Something odd happened to me as I played through the first couple of worlds on Mario's latest 3D adventure. Something I hadn't experienced for a few years.
Even though I was sitting in a room on my own, I found myself unconsciously grinning like a loon, occasionally laughing out loud. I had become eight years old.
This didn't happen when I played New Super Mario Bros Wii, or its 3DS or Wii U successors. It didn't even happen when I played Super Mario 3D Land, the 3DS game World owes most of its moniker to. In fact, the last time I found myself involuntarily beaming from ear-to-ear and letting out chuckles of delight like this, I was spending an evening alone with Super Mario Galaxy.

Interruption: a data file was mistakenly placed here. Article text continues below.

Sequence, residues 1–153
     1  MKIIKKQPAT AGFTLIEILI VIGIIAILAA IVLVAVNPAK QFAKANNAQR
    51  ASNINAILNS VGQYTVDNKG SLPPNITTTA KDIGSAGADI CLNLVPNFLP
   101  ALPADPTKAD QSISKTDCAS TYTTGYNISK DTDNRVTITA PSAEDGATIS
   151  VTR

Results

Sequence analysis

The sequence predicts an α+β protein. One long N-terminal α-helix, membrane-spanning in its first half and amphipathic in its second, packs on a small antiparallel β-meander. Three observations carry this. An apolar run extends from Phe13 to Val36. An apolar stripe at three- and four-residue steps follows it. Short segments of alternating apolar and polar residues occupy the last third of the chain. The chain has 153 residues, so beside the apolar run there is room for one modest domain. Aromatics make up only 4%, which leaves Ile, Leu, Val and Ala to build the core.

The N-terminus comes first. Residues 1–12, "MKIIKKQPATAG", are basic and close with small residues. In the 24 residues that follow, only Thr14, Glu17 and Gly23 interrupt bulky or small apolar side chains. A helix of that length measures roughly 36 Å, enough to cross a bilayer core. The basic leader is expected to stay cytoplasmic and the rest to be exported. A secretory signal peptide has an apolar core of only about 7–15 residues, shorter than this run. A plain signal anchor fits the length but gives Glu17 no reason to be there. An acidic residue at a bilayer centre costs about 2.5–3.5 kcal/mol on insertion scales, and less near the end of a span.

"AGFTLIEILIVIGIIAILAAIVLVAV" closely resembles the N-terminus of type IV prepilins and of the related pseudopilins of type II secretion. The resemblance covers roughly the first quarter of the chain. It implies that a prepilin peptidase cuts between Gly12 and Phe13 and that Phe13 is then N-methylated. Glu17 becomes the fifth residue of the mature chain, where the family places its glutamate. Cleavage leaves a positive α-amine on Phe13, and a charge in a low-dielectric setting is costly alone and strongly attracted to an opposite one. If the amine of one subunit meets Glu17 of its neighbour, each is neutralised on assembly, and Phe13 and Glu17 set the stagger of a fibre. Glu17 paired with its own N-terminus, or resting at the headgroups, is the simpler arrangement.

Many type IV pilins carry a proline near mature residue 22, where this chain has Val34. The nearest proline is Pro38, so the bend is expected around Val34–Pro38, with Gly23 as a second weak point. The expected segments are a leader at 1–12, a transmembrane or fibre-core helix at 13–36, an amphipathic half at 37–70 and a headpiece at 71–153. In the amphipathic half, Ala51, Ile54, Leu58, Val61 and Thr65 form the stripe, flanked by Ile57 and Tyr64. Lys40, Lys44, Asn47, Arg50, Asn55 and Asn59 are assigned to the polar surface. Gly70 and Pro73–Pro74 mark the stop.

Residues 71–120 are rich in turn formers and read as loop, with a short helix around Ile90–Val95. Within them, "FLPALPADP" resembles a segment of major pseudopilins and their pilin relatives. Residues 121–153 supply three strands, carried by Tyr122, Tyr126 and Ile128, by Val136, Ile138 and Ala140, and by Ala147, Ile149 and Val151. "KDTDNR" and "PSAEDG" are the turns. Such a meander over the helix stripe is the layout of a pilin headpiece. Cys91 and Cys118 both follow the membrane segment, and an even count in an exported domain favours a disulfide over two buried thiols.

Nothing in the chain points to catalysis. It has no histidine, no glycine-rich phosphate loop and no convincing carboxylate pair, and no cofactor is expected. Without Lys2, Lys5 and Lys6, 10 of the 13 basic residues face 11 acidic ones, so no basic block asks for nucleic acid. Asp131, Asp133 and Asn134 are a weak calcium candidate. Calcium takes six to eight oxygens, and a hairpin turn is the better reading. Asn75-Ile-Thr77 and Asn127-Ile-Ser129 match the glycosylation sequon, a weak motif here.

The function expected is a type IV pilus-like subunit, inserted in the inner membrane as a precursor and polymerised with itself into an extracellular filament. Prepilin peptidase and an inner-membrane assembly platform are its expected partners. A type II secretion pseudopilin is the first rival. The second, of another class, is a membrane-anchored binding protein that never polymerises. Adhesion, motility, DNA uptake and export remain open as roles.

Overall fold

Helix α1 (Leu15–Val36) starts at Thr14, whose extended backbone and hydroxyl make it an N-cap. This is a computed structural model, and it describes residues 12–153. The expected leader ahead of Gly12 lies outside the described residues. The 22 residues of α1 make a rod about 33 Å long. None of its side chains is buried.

Super Mario 3D World is the work of Nintendo EAD Tokyo 2 - the studio responsible for Mario Galaxy 2 - and is being overseen by Koichi Hayashida and Yoshiaki Koizumi, respectively the designer and director of the first Galaxy. And though this collective's debut Wii U project doesn't share that Galaxy name, in terms of its sheer inventiveness and variety it is clearly cut from the same cloth.
The structure resembles that acclaimed handheld platformer, Super Mario 3D Land, offering a compromise between the freedom of the 3D console adventures and the strict parameters set by 2D side-scrollers. While each stage is a 3D-style free-roaming affair and exploration is rewarded, there's still an obvious start and finish (resplendent with flagpole). It allows for platforming complexity - and it certainly has this in abundance - without becoming confusing.